Image source: City of Vancouver Archives CVA 1135-19

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Posted August 17, 2017 by ChangingCity in Altered, East End, Victory Square

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518 and 522 Beatty Street

We saw these warehouses on Beatty Street as they were in 1927 in an earlier post; here they are as they were in 1974.

On the left is Storey and Campbell’s 1911 warehouse, designed by W T Whiteway which cost $60,000 to build. Jonathan Storey and Roderick Campbell, Jr., were both from Ontario, and in 1892 founded Storey and Campbell which began by selling leather items like harnesses, saddles, and trunks. They initially acquired the saddle-making business of D S Wilson, who moved to Los Angeles; Storey and Campbell expanded the scope of the business over the years – in 1921 their listing said they dealt in shoe findings, leather harness and saddlery, trunks, bags, valises and gloves. The street directory makes it clear that this was a significant manufacturing operation that was large enough to employ a chauffeur and an elevator operator as well as many saddlemakers and leather workers. The advert on the right is from 1932, when they had added golf bags to their range.

The historic building statement claims “As times changed and horses and wagons were replaced, the company also became sole agents in British Columbia for Studebaker commercial trucks. They eventually covered the area from Vancouver to Winnipeg.” We can find no evidence of that at all – a series of dealerships had the Studebaker brand sales over the years – none of them were Storey and Campbell.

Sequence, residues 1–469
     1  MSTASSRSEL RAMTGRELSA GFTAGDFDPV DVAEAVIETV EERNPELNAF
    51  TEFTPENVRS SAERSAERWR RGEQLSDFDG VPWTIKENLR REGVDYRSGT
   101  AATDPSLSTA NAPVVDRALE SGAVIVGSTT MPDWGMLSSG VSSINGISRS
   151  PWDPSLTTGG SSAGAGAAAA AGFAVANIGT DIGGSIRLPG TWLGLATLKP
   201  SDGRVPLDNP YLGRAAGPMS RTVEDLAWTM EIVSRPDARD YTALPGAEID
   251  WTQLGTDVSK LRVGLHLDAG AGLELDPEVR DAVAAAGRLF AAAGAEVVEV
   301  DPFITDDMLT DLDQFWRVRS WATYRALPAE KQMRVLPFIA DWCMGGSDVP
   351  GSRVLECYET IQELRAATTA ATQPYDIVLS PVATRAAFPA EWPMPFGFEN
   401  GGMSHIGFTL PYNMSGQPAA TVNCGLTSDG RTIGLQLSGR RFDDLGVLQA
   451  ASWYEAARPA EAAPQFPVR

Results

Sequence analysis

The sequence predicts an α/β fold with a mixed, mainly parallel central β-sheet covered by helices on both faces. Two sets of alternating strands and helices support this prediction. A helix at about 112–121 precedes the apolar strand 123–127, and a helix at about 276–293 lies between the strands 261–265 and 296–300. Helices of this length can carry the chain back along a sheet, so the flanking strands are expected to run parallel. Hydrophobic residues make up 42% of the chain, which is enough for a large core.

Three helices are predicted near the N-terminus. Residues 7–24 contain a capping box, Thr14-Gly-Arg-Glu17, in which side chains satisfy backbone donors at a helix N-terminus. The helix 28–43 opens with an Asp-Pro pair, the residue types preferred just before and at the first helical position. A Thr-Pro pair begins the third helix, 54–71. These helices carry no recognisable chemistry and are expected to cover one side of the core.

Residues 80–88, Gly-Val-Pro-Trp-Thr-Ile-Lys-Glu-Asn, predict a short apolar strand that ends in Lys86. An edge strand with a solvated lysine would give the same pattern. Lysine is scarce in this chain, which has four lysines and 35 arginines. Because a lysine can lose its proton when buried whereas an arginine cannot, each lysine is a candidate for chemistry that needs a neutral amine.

In 1901 Jonathan Storey was aged 32, two years older than Roderick Campbell, who was married to Annie. The street directory said he was called Johnathan and put him in a new house at 1771 Haro Street, the same as the Campbell family, with the saddlery business based at 154 West Hastings. Annie had previously been Annie Storey, and the partners were brothers-in-law.

The Campbells moved to a house on the 2000 block of Haro, but Roderick died unexpectedly in 1919, after an operation to remove an impacted tooth. His will was complex, and led to an internal family split. Annie Campbell had to sue her brother, as the Daily World reported “Mrs. Annie Campbell, 1001 Georgia street west, widow of the late Mr. Rod Campbell, is asking the assistance of the court in an attempt to compel her brother, Jonathan Storey, the defendant, to sell property, which they own jointly, and with the proceeds to purchase her interest in the firm of Storey & Campbell Limited. Mrs. Campbell estimates her interest at $159,200.